From: Bob Leary <*Bob.Leary*>

Date: Thu, 15 May 2014 14:22:48 -0400

Hi Emmanuel,

While I am a strong advocate of using quasi-random rather than pseudo- rand=

om sequences for importance sampling in EM methods like IMP, there is a the=

oretical (and very real) problem with their use in the context you suggest=

ed in your message, namely with a multivariate t distribution as the import=

ance sampling distribution. The 3S2 option implies you are using a Sobol q=

uasi-random sequence, while

the DF=7 implies the use of a multivariate T-distribution with 7 degrees =

of freedom. The standard way of generating

a p-dimensional multivariate t -random variable with DF degrees of freedo=

m is to generate a p-dimensional multivariate normal and then divide by an =

additional independent random variable which is basically the square root =

of a 1-d chi square random variable with DF degrees of freedom. Thus to g=

enerate a p-dimensional importance sample, you actually need to use p+1 in=

dependent random variables. If you simply use a p+1 dimensional Sobol vec=

tor as the base quasi-random draw, the nonlinear mapping from p+1 dimension=

s to the final p dimensional result destroys the low discrepancy property =

of the final sequence in the p-dimensional space and in fact introduces a =

significant amount of bias in the final result. The problem arises directl=

y from the p+1 vs p dimensional mismatch.

There is no problem if the final p-dimensional result can be generated from=

a p-dimensional quasi-random sequence, which is the case for multivariate =

normal

Importance samples. So quasi random sequences should really only be used=

for the DF=0 multivariate normal importance sampling distribution case, =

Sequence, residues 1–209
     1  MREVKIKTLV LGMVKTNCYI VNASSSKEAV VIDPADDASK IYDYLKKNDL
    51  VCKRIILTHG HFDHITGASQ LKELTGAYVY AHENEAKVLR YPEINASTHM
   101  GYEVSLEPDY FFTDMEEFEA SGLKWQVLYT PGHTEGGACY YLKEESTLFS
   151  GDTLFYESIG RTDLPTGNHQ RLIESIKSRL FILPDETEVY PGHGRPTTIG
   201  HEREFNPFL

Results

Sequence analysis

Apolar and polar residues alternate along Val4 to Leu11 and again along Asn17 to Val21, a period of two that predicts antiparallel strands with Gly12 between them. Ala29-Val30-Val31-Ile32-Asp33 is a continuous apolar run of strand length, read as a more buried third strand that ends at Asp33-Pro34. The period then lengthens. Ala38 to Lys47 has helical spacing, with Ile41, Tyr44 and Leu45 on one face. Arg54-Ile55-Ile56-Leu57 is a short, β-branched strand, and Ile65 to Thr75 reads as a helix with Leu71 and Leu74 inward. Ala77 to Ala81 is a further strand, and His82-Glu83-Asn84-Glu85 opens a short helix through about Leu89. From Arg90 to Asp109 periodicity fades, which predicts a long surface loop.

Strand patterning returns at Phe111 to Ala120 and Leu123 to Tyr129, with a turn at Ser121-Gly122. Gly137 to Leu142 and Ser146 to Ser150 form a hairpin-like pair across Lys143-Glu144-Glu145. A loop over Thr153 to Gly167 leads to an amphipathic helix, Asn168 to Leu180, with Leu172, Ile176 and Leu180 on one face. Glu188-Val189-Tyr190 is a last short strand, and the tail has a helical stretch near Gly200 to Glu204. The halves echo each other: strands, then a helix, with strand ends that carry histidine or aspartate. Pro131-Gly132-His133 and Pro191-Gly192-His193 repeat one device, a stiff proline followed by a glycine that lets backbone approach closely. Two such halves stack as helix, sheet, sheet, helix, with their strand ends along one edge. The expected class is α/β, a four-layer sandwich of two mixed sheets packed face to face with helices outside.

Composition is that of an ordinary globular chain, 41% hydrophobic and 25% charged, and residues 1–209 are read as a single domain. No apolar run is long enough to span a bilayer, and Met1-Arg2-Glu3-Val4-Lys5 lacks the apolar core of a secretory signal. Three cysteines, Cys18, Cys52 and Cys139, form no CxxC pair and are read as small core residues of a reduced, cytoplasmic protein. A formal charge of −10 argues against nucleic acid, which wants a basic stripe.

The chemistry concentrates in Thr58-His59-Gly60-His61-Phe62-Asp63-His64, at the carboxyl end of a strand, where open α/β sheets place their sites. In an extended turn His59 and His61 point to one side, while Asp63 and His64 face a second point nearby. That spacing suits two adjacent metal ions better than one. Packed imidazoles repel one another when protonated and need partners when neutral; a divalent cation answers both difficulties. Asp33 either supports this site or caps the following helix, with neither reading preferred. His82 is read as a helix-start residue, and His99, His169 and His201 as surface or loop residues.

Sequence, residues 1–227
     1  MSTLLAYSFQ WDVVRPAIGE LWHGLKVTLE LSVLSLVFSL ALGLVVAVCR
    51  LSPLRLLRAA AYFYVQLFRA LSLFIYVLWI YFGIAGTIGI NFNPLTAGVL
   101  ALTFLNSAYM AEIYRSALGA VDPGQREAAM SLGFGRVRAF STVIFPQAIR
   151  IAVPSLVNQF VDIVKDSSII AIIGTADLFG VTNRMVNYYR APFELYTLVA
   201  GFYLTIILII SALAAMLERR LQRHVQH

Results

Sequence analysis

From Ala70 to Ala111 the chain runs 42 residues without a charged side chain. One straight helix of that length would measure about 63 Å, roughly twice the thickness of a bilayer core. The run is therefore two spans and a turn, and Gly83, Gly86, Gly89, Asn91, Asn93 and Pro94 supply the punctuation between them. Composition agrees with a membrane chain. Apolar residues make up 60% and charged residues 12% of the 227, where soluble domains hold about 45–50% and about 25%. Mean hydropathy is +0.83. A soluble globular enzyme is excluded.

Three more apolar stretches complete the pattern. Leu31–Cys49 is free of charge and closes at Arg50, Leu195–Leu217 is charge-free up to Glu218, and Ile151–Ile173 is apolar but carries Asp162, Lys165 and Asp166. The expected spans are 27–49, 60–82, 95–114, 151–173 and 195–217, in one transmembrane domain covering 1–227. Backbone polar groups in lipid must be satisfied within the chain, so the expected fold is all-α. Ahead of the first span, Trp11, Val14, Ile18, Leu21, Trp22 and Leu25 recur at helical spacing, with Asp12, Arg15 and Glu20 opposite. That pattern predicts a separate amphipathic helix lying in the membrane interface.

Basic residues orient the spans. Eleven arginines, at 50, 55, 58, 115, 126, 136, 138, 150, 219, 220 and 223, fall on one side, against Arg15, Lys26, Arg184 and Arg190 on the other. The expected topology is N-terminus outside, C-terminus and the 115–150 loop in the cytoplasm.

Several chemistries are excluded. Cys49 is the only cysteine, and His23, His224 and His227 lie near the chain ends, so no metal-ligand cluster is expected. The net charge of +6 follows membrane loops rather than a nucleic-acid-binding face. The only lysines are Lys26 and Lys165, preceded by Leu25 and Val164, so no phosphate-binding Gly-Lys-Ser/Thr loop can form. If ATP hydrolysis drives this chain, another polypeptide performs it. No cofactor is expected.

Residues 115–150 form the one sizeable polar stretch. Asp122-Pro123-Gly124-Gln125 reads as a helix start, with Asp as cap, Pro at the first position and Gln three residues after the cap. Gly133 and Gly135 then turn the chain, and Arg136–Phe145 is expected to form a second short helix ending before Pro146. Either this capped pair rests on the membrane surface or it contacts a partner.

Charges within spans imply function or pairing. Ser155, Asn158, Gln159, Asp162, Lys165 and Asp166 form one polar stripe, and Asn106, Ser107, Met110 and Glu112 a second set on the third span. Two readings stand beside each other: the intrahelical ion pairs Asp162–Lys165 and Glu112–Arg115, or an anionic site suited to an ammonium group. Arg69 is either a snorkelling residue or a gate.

not the multivariate DF>0 multivariate t case.

I ran across this effect in testing the Sobol-based importance sampling EM =

algorithm QRPEM in Phoenix NLME. It is very real and the net effect is to =

introduce a significant bias. There is a partial fix that works but gives=

up some of the benefit of using low-discrepancy sequences - namely use a =

p-dimensional quasi-random vector to generate the p-dimensional multivariat=

e normal, but

then use a 1-d pseudo-random sequence to generate the chi-square random var=

iable.

From: owner-nmusers

Behalf Of Emmanuel Chigutsa

Sent: Thursday, May 15, 2014 1:03 PM

To: Pavel Belo; nmusers

Subject: Re: [NMusers] SAEM and IMP

Hi Pavel

I have experienced a similar problem. In my case, the following code for IM=

P after SAEM (using NM7.3) greatly reduced the Monte Carlo OFV noise from v=

ariations of about +/- 60 points to variations of +/- 6 points (though stil=

l not good enough for covariate testing):

$EST METHOD=IMP LAPLACE INTER NITER=15 ISAMPLE=3000 EONLY=1 DF=7 =

IACCEPT=0.3

ISAMPEND=10000 STDOBJ=2 MAPITER=0 PRINT=1 SEED=123456 RANMETHOD=

=3S2

The settings are explained in the NM7.3 guide. If you are using NM7.3, you =

can also try IACCEPT=0.0 whereupon "NONMEM will determine the most approp=

riate IACCEPT level for each subject". Of course the settings for DF and IA=

CCEPT in the above code will depend on the type of data you have. Which bri=

ngs me to my own question. If I have both continous and categorical DVs in =

the dataset (which would mean different optimal settings) and I am using F_=

FLAG accordingly, what would the 'right' values of DF and IACCEPT be? I hav=

e noticed that the DF automatically chosen by NONMEM for individuals in the=

dataset can vary from 0-8 and this appears to be random. NOTICE: T=

he information contained in this electronic mail message is intended only f=

or the personal and confidential use of the designated recipient(s) na=

med above. This message may be an attorney-client communication, may be pro=

tected by the work product doctrine, and may be subject to a protectiv=

e order. As such, this message is privileged and confidential. If the =

reader of this message is not the intended recipient or an agent responsibl=

e for delivering it to the intended recipient, you are hereby notified=

that you have received this message in error and that any review, dis=

semination, distribution, or copying of this message is strictly prohibited=

. If you have received this communication in error, please notify us i=

mmediately by telephone and e-mail and destroy any and all copies of this=

message in your possession (whether hard copies or electronically sto=

red copies). Thank you. buSp9xeMeKEbrUze

Received on Thu May 15 2014 - 14:22:48 EDT